Home Gay Editorials The disappointing legacy of Roisin Murphy

The disappointing legacy of Roisin Murphy

How Roisin alienated her trans audience whom she profited off

by John Stevens

Róisín Murphy

For most people Róisín Murphy is not a household name. A brilliant musician, singer, performer and songwriter, Róisín Murphy has skirted on the edge of full-blown mainstream success. This is primarily thanks to her impact on the club charts with “Sing It Back” in 1999 with her former project Moloko.

Where Róisín found her footing was really among queer audiences. In a conversation with drag royalty and Róisín super-fan Detox Icunt for Loverboy Magazine she acknowledged how much she felt happy being embraced by gays: “I don’t know that I ever envisaged it…I was quite happy when I realized I had a big gay following…I walked out onstage and it was just wall to wall men, with their tops off, hanging off the ceiling, sweat everywhere, screaming! I just thought ‘I’ve come home.’”

“It’s incredible to be loved by such a creative bunch, and especially ones that are so brave…it really makes me feel like I’ve done something right after all,” Róisín said to documentary filmmaker Aleksandar Dragičević in his mini documentary Róisín Murphy Realness.

In 2023, Róisín Murphy was gearing up for the launch of her sixth solo album Hit Parade. A collaboration with German producer DJ Koze, three singles had dropped and all received high praise. But, soon Róisín became embroiled in a scandal that permanently damaged her career and caused many of her fans to have their fondest memories dancing to her music become tarred. As often is the case With the downfall of celebrity, it all began with a Facebook comment.

The comment 

On August 23rd 2023, Manchester based drag artist Joanna Cuddle posted to her X account (formerly Twitter) a screenshot of a comment Róisín Murphy made on her private Facebook account under an article featuring noted transphobe and disgraced TV writer Graham Linehan.

“Please don’t call me a terf, please don’t keep using that word against women I beg you! but puberty blockers ARE FUCKED, absolutely desolate, big Pharma laughing all the way to the bank. Little mixed up kids are vulnerable and need to be protected, that’s just true.”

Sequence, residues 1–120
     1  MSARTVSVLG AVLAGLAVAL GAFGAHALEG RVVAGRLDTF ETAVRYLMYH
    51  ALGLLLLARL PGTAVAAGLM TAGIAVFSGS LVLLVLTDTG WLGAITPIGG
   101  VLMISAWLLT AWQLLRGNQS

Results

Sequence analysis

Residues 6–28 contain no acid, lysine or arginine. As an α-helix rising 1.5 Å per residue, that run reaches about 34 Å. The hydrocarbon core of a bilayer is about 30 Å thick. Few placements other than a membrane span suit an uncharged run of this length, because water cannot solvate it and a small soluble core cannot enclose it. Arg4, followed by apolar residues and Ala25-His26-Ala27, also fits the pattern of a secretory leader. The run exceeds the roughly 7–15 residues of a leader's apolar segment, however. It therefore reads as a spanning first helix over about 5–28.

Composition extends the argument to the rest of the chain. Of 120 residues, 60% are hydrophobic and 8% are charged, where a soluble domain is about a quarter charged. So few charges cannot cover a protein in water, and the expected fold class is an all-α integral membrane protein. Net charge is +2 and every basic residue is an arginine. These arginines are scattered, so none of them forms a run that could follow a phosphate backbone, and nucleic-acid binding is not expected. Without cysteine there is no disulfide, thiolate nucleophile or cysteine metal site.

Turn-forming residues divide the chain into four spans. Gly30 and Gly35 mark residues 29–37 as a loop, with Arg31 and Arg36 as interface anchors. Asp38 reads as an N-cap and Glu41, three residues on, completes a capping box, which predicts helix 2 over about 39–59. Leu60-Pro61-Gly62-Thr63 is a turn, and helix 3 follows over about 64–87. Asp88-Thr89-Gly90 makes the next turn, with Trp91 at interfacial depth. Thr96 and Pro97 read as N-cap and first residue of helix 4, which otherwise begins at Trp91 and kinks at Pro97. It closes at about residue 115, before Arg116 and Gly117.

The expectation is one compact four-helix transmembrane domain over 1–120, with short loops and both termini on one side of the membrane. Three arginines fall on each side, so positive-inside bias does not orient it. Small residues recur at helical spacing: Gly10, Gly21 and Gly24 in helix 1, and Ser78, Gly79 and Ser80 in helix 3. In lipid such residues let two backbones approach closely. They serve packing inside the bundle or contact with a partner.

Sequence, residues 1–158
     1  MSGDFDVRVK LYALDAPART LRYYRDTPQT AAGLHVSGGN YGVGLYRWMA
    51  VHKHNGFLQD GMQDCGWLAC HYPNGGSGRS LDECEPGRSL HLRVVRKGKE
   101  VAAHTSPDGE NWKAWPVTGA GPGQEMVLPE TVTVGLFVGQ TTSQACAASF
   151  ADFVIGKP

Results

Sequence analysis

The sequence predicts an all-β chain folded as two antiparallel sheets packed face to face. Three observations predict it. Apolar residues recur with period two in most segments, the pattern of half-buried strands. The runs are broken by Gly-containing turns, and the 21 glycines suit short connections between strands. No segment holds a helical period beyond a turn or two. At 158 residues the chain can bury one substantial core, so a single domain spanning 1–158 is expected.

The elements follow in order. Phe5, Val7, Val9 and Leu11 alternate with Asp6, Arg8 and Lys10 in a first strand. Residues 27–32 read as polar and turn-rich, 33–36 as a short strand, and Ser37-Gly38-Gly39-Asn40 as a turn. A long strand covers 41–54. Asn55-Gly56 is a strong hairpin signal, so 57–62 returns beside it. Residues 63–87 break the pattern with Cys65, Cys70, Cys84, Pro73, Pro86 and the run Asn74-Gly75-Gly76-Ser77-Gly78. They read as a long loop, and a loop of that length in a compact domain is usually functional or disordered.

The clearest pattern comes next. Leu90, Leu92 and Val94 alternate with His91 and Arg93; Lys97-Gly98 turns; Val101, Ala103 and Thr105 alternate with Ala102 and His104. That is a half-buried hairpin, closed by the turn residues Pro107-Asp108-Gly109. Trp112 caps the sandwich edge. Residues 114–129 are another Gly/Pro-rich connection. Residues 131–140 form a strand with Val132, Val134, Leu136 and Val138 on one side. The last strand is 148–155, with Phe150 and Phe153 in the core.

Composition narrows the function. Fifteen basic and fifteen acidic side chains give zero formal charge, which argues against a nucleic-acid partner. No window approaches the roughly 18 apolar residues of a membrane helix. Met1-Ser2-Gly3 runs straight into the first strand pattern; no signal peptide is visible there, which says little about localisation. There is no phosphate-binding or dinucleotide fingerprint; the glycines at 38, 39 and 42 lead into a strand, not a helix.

It was a bit slow, but eventually it started to spread that queer icon Róisín Murphy had expressed transphobic views on gender-affirming care under the banner of protecting, as she stated, “little mixed up kids.”

Puberty blockers are safe: a quick summary

Puberty blockers are safe medications which generally do not cause any permanent changes. These medications have been used in wider context beyond gender-affirming care, primarily in treating precocious puberty (when puberty occurs earlier than is considered healthy for the child.) The only side-effect known is on bone density when taken for a prolonged period. Generally this is countered with prescribed calcium supplement alongside this treatment.

There are no findings that support negative impact upon fertility when used alone. Its impact seems dependent on the stage of puberty one begins to start puberty blocking treatment.

Puberty blockers operate by telling the hypothalamus to release the gonadotropin-releasing hormone (GnRH) in a steady-state rather than pulsing fashion. The pulsing release of GnRH tells the pituitary gland to make the gonadotropins—the signalers to the ovaries or testes—to make estrogen or testosterone. Therefore, without the gonadotropins getting the signal, it won’t make estrogen or testosterone.

The operation pathway of the gonadotropin releasing hormone and its effect upon the development of secondary sexual characteristics. (Cambridge University Press).

Although in the US the medications aren’t recognized for treatments for gender dysphoria by the FDA, they are still considered safe when used as prescribed. 

Puberty Blockers were already used before “Trans Panic”

For many, these medications are life-saving. As they do not permanently alter the body, and merely pause puberty related changes, they are useful when gender-diverse individuals or those with gender dysphoria require time to decide which path forward is best for them and their body. One of The Trevor Project’s research scientists Jonah DeChants stated:

 “Just as it would be distressing for a cisgender boy to grow breasts (which does happen and is treated) or for a cisgender girl to grow a beard (which also happens and is treated), it can be deeply distressing for trans girls to develop facial hair and trans boys to develop breasts.”